A Car Named Cosmo

by Madeleine Clute


To many teenagers, owning a car is a quintessential part of the American dream. A car is freedom, fun, and speed rolled into one machine. Ideally, these tickets to freedom come in sleek, shiny, perfectly polished bodies, with hundreds of horses under the hood. My freedom came in a slightly different package. My package lacked both airbags and anti-lock brakes, and was several years my senior, but nevertheless brought me more happiness than any newer car could have.

1988 Corolla AdvertisementThe car that would eventually become known as “Cosmo” was born in 1988. It was a powder blue Corolla, with a matching blue cloth interior—a decorative choice only the ‘80s could bless. My aunt, then in her mid twenties, bought the car with little knowledge it would eventually belong to her still unborn niece. She drove it for several years, before selling it my grandfather. My grandfather then sold it to my uncle, who at the time was a college student. He drove it for a decade or so, and once married, sold it back to my grandfather, who continued to drive it for another nine years. Upon getting my license, I searched for a car that was within my price range, as my parents had made it clear that if I wanted a car of my own, I would have to finance the endeavor myself. Unfortunately, I found no cars that I could insure, afford, and buy gas for. My dream was deferred for a year. The past summer however, on a college visit, my mom and I stopped at my grandparents’ house, and I noticed that, as my grandfather is somewhat of a car enthusiast, they had accumulated four cars.

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Driving Myself Crazy Searching for the Ecological Solution

by Susanna Starr


Since speaking on the cell phone is prohibited when you’re driving in Santa Fe, I pulled over to answer mine, which rang just before approaching Beaver Toyota. So, it was the most logical thing to drive into the parking lot of a large car dealership.

After getting off the phone, I was approached by a nice looking young salesman who asked if he could show me something. Without having any previous thought as to purchasing a vehicle, I responded by saying, “Only if you have a used hybrid that’s not a small car.” A small car would never fit my lifestyle. My modus operandi is to throw all kinds of stuff into my vehicle -- bags of compost, stacks of newspapers for recycling and lots more.

It was a rather flippant reply, since I was there by accident rather than intention. But truth be told, for some time I was feeling upset about the outrageous cost of fuel that my much-loved Land Rover was using due to the obscene rise in fuel costs, with the government for supporting the oil companies, and with the oil companies for notoriously exploiting the American consumer for many decades. So maybe, just maybe, I was somewhat primed for a change.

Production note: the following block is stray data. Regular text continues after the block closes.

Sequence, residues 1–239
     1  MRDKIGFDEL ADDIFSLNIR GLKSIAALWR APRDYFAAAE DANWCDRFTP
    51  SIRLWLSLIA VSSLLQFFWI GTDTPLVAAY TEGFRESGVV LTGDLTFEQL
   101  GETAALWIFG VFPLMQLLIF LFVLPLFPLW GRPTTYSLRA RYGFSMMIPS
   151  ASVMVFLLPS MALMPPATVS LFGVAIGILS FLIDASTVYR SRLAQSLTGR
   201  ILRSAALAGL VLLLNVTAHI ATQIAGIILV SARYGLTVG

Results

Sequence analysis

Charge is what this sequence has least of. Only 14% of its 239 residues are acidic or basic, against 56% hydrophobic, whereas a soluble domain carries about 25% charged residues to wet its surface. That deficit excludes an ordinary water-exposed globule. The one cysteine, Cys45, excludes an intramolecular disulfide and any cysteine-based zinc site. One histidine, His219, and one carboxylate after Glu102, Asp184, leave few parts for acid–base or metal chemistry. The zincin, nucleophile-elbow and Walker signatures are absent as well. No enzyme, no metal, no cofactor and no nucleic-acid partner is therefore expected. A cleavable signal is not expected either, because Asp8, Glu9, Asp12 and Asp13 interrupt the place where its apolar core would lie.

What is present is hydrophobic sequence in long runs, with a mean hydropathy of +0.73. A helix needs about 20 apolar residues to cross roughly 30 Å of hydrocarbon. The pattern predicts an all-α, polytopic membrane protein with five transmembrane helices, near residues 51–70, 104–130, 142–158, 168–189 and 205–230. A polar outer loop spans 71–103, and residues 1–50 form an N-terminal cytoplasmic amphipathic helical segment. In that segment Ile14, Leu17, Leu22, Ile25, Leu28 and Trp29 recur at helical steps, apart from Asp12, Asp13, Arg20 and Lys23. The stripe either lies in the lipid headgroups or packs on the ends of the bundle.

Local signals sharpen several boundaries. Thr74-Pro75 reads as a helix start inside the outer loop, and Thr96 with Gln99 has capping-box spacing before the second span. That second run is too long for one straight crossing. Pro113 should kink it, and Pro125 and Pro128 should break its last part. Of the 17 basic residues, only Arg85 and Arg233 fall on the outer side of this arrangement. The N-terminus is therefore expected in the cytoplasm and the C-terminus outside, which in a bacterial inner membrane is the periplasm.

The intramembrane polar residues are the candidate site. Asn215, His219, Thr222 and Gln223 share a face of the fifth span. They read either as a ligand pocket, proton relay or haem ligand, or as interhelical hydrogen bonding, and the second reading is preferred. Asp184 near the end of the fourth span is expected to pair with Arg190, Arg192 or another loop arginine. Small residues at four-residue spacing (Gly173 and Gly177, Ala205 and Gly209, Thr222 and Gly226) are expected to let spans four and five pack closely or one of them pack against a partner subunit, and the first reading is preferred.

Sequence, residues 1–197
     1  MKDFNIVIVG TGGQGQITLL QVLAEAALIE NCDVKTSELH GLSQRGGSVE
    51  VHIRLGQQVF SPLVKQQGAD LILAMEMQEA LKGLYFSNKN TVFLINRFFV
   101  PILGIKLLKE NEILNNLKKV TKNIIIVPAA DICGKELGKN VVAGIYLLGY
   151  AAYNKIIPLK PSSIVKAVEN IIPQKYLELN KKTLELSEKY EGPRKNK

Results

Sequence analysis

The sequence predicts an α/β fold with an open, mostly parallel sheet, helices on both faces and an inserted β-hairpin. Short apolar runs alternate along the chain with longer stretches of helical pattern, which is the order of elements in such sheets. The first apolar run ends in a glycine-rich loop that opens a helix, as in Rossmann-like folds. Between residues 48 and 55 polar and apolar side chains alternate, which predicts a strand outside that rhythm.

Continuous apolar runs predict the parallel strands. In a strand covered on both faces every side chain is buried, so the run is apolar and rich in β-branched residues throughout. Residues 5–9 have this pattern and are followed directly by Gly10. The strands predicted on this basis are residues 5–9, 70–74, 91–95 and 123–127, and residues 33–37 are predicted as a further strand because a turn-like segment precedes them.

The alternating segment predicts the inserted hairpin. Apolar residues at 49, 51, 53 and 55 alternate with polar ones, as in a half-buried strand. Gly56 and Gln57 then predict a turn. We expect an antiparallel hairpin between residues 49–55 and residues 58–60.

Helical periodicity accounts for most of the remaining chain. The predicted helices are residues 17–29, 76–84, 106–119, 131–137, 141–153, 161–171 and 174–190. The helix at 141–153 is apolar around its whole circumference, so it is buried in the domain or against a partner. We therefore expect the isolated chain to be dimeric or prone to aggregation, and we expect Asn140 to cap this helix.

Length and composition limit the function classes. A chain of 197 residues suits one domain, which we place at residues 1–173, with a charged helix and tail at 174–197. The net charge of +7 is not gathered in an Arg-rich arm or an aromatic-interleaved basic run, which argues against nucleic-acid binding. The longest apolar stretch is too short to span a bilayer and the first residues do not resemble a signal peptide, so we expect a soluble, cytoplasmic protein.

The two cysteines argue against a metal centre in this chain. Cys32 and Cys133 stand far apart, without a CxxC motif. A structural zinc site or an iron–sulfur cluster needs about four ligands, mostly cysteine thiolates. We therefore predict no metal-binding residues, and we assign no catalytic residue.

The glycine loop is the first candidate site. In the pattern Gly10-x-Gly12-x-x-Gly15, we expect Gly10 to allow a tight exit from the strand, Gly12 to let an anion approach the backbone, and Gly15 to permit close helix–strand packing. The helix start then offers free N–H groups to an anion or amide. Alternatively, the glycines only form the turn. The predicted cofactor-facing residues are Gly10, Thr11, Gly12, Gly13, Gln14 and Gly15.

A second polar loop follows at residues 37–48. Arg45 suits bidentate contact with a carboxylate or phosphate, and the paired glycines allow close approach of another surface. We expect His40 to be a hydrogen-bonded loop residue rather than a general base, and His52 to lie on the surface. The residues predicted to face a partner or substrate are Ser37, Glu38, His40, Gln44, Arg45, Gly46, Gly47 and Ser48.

Meanwhile, the nice looking young guy smiled and said, “I just got in a two-year old Highlander – it hasn’t even been washed yet.” I told him that I wasn’t really serious and he said, “Why don’t you just look at it”? I looked over at my friend who was sitting next to me and he just shrugged. For him that was a major understatement, since he is well known for his love of buying vehicles. He’ll buy one for himself or help anyone else who shows the slightest interest in buying a car or truck, new or used. Now, however, he took great pains not to influence me in any way.

What could I do but at least look?

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Are We There Yet?

by Barbara Radcliffe Rogers

It comes from the back seat, in varying tones of voice. Sometimes it’s said with anticipation, as when we’re on the way to the White Mountains and Mary is primed for a day at Story Land -- or when it’s that ice cream time of the afternoon. Mary’s always primed for that. Sometimes it’s said with a yawn, when we’re headed home after a day’s skiing at Gunstock Mountain. In our car it’s never a whine, because everyone knows what happens to whiners – no one can hear anything they say.

photo courtesy Stillman Rogers PhotographyBetween the two of us, my husband and I have developed quite a repertoire of responses. Some are met with a few moments of puzzled silence as the layers of implication sink into an 8-year-old mind. Some are met with immediate protests of disbelief, others with a long series of giggles. We are heartened by the latter, because we can’t imagine traveling with anyone who doesn’t have a sense of humor.

This isn’t actually all 110 of the answers we have come up with, but enough to get you started. Once you get the hang of it, the possibilities are endless.

“Yes, that’s why I have stopped the car here by the side of the road under these pine trees next to a swamp, without a house in sight. Be sure to tell me when you want to go somewhere else.”

“Not quite yet. I expect it will be only 16 more hours, 26 minutes and 43 seconds. Too bad there’s no place to stop for food on the way.”

“I have no idea, because we aren’t actually aiming for any place.”

“I’m completely lost. I think we’re actually heading away from there right now.”

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